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    1. I’m always the “best dressed” within my classroom. I do my best to look as put together and “adult-y” as possible haha. Some of my office hours are on days I don’t teach and that’s when I’m dressed a little more casually.

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  3. This is a great story! I’m glad that you didn’t have as many issues as you expected. Students can be surprisingly mature sometimes!

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  4. Well, I probably would have been the smart-mouthed student you corrected. I commend you for being true to your family name. I am trying to place myself in your shoes, and I think I would probably make light of it at first, but tell them the joke(s) is stale after 22 years.

    Oh yes, I am going to nab your use of music. Thank you for the post.

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  5. Similar to many of our fellow classmates on here, I can also relate with your experience. Being a young, attractive (not stating this to be boastful, just from comments previously made about my appearance) female who holds a position of authority causes one to be overly anxious about how they will be received by others. This is especially true when in a male dominated or STEM field. I know I’m always paranoid about my peers receiving me as the professional and competent scientist that I am. This normally isn’t a problem thanks to my INTJ (Myers Briggs) personality type. Unfortunately, my personality traits (those that are traditionally more masculine) causes me to come across as cold, intimidating, and even “bitchy” making me seem incredibly unapproachable. Those who have gotten past my imposing presence and gotten to know me will tell you I’m an incredibly warm and caring individual who has a passion for helping others. However, while teaching, I constantly struggle to maintain my professionalism while not intimidating my students so badly they won’t approach me. I’ve come to be expect the general reaction to my persona, and thus attempt to convey my more personable attributes through a fun activity when beginning to teach a new course.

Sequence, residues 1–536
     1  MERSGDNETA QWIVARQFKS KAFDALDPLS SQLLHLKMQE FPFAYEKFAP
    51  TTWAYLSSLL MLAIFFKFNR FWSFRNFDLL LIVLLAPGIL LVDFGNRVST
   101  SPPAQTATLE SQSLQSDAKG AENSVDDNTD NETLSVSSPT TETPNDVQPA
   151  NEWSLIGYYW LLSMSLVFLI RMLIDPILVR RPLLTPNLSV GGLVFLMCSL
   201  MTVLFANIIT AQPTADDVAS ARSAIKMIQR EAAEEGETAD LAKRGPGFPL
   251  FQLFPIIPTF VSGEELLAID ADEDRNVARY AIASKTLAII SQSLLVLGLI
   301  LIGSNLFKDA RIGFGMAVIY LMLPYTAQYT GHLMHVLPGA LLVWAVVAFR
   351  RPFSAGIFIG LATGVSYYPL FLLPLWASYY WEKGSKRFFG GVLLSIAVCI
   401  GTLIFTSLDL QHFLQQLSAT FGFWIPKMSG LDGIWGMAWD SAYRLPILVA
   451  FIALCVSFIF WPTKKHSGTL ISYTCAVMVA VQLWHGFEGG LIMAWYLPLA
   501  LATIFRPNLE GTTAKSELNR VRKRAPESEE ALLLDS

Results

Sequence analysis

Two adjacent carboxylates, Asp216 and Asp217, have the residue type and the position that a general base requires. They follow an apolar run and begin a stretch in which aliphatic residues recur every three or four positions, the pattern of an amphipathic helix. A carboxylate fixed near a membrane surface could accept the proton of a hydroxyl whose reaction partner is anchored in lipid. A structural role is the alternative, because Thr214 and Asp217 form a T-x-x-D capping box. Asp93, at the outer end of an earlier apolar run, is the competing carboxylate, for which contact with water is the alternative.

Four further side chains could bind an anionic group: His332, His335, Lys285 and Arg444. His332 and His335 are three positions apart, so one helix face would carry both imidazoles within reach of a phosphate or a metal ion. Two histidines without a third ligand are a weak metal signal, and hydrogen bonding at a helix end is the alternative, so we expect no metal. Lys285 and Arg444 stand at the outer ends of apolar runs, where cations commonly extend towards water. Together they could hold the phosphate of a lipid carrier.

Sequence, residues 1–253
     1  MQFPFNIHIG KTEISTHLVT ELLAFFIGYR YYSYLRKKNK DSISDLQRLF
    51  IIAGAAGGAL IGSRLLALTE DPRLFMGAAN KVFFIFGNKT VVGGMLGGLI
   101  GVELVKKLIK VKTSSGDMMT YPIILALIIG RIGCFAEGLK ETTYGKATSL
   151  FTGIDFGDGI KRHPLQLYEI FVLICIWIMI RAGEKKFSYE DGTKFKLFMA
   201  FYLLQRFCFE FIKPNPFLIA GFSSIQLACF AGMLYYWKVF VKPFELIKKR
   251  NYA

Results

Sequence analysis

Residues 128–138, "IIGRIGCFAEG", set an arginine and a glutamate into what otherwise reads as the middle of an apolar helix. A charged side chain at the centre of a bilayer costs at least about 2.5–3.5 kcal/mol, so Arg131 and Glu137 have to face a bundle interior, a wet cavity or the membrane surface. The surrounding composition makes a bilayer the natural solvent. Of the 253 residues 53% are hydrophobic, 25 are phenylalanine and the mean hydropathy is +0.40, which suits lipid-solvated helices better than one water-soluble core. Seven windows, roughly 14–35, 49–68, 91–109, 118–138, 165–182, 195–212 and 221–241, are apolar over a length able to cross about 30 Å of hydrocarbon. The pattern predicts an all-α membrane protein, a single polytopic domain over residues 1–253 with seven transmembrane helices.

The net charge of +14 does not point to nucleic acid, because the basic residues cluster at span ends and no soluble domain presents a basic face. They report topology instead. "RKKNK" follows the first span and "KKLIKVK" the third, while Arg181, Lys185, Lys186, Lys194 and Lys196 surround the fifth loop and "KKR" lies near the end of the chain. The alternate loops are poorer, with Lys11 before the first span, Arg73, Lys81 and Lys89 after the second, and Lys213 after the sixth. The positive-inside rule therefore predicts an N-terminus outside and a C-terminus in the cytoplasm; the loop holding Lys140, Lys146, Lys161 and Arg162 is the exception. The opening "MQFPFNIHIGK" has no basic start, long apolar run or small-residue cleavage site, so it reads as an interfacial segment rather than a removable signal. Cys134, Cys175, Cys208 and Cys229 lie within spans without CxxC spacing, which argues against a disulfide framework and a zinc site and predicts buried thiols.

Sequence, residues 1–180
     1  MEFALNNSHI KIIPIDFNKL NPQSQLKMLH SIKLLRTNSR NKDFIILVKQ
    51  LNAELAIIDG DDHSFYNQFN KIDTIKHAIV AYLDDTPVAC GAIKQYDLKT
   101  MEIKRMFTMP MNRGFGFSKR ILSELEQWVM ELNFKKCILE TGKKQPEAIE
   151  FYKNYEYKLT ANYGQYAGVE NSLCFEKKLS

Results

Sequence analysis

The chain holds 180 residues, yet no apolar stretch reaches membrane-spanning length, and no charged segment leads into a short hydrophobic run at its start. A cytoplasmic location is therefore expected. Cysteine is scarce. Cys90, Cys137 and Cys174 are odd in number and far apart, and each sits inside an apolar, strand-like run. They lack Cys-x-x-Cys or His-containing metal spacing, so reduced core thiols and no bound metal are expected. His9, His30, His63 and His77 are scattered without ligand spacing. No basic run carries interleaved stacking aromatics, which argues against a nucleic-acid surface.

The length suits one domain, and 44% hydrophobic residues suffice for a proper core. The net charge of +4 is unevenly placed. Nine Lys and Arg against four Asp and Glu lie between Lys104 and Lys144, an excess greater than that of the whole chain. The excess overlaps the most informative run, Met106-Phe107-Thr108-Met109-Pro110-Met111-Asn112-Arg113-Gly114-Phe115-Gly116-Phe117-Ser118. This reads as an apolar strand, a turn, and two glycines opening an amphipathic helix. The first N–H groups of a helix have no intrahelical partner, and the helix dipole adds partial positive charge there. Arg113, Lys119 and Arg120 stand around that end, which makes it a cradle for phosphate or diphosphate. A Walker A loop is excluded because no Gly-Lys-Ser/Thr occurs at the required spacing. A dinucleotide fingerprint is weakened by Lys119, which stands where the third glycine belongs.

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  6. Reading through your experience and the above comments have really hammered in the privileged position a male presence at the pulpit commands. I’ve had the reverse issue because I’ve never liked my last name so I’ve just gone by Alex in ever class I’ve taught. The informality concern never crossed my mind especially because my first department at Tech (Philosophy) cultivates a first name student-professor relationship. But reading your post and relating it to some other concerns shared by our authors this week has given me an appreciation for the struggles of my female colleagues. – Thanks, Prof.

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  7. I enjoyed reading your stories. And I believe it is important to think about how would us introduce ourselves to our students, that is like the first step of how we would like to form the relationship with the students. You bring out such a nice topic. And the second thing I like about your blog is you insert your name card. That is a cool idea. The name card is a more solid way to give out a self-definition in front of others. I get inspired by your idea, I think I would like to take some time to design a name card for my future class. Thank you for sharing and inspiration.

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  8. Thanks for sharing your story! This is something that I hadn’t thought about yet. I have only been a TA for a course where I just held homework help session. So for that class I just went by my first name, mostly because I didn’t really think about it but that’s probably because I didn’t feel like I needed to show authority. I was a TA my final semester as an undergrad and most of the students were sophomores but I remember there was one grad student in the class who was definitely older than me which made me feel a little weird at first. I probably still have another year before I will actually teach a class on my own, so I guess I have some time to figure it out but to be honest right now I’m not sure what I will end up doing.